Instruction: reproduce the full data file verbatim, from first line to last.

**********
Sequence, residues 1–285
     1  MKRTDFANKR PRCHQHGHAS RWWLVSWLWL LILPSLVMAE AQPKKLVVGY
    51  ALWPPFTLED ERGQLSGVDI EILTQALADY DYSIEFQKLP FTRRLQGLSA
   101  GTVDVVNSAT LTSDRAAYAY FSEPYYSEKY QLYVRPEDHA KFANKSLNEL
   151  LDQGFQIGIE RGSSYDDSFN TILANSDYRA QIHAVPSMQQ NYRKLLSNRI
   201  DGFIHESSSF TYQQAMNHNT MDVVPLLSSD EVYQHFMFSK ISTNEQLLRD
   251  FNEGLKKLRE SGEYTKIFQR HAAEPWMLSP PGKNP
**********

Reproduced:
Sequence, residues 1–285
     1  MKRTDFANKR PRCHQHGHAS RWWLVSWLWL LILPSLVMAE AQPKKLVVGY
    51  ALWPPFTLED ERGQLSGVDI EILTQALADY DYSIEFQKLP FTRRLQGLSA
   101  GTVDVVNSAT LTSDRAAYAY FSEPYYSEKY QLYVRPEDHA KFANKSLNEL
   151  LDQGFQIGIE RGSSYDDSFN TILANSDYRA QIHAVPSMQQ NYRKLLSNRI
   201  DGFIHESSSF TYQQAMNHNT MDVVPLLSSD EVYQHFMFSK ISTNEQLLRD
   251  FNEGLKKLRE SGEYTKIFQR HAAEPWMLSP PGKNP